And then, what do we do?
I believe the work of uncovering the history of inequality in our country is crucial if we are ever going to steer in a new direction of justice and equity. We need to expose the structural underpinnings that continue to support and replicate the state of inequality in our country: racism, classism, sexism, heterosexism, and more.
And then, as religious people, we dream, and vision, and educate, and legislate, and proclaim. We hold the course in order to build a new way for all of us.
The 74th Annual All-Church Rummage Sale Was A Tremendous Success
It was well organized and everything ran smoothly. The donations were beautiful and high quality and lots of money was made to support the Partner Church, the Tiffany Window and Social Action Initiatives.
Please thank Kathy Crawley and Priscilla Cobb for their amazing and untiring leadership. They are two gems. Many people spent hours and hours preparing for the big day. Much was sold, some was given to refugee families and charity organizations. Nothing was wasted; all leftovers were donated to be used by others.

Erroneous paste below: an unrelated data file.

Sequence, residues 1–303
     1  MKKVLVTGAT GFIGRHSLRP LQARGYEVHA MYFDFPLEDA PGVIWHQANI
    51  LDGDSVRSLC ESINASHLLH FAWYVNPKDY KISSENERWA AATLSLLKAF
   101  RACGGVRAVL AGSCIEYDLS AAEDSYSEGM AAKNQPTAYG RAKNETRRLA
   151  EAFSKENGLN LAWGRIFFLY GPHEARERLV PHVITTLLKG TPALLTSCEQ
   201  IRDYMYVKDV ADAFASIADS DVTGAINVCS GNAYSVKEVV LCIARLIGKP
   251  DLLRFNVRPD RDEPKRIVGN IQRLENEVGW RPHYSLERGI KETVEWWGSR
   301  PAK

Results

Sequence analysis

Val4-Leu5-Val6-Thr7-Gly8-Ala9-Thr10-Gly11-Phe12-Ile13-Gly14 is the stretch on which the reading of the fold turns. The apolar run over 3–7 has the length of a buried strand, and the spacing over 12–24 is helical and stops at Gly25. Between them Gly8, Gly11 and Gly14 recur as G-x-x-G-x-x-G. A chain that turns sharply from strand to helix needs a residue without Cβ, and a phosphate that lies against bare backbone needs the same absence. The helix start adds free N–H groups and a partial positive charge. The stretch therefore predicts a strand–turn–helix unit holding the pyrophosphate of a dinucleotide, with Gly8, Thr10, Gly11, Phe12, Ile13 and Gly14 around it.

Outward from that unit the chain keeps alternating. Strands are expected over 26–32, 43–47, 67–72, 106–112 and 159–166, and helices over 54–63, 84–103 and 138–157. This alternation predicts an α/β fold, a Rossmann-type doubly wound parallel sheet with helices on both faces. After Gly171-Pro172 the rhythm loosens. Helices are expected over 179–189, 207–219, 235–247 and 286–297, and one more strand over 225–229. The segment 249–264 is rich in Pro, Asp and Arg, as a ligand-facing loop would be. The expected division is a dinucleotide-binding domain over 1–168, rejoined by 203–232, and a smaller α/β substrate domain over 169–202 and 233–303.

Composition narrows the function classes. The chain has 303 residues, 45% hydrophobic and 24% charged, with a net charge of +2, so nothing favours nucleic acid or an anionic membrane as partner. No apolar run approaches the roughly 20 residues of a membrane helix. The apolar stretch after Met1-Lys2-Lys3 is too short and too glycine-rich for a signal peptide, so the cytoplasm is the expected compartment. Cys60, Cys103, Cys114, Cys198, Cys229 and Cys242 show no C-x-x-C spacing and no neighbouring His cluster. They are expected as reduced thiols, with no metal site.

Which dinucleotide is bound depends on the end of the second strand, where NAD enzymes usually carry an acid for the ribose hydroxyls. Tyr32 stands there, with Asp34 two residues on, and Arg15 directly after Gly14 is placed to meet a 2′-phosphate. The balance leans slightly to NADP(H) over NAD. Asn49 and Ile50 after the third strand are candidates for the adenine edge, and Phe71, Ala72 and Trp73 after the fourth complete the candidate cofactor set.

So proud to be part of this congregation.
~ Jackie Neel
Ushers Needed for Spring Term, through June 11
Many thanks to everyone who has helped with ushering at First Church. We have had a great response to ushering for this spring term and only have one slot left to fill:
- 6/4 – 9:00 1 slot
You can sign up at tinyurl.com/springushers; e-mail me at email@example.com; or sign up on the poster at coffee hour. If you have any questions or comments, please let me know. Thanks again for all your help.
Opportunity To Lead Summer Worship Services
Summer Lay-Led Services have become an important aspect of our shared ministry. These are important touchstones during the summer months, when travel and vacation separate us as a community. They provide opportunities to gather in less formal ways and smaller numbers to engage in worship led by members and friends of First Church.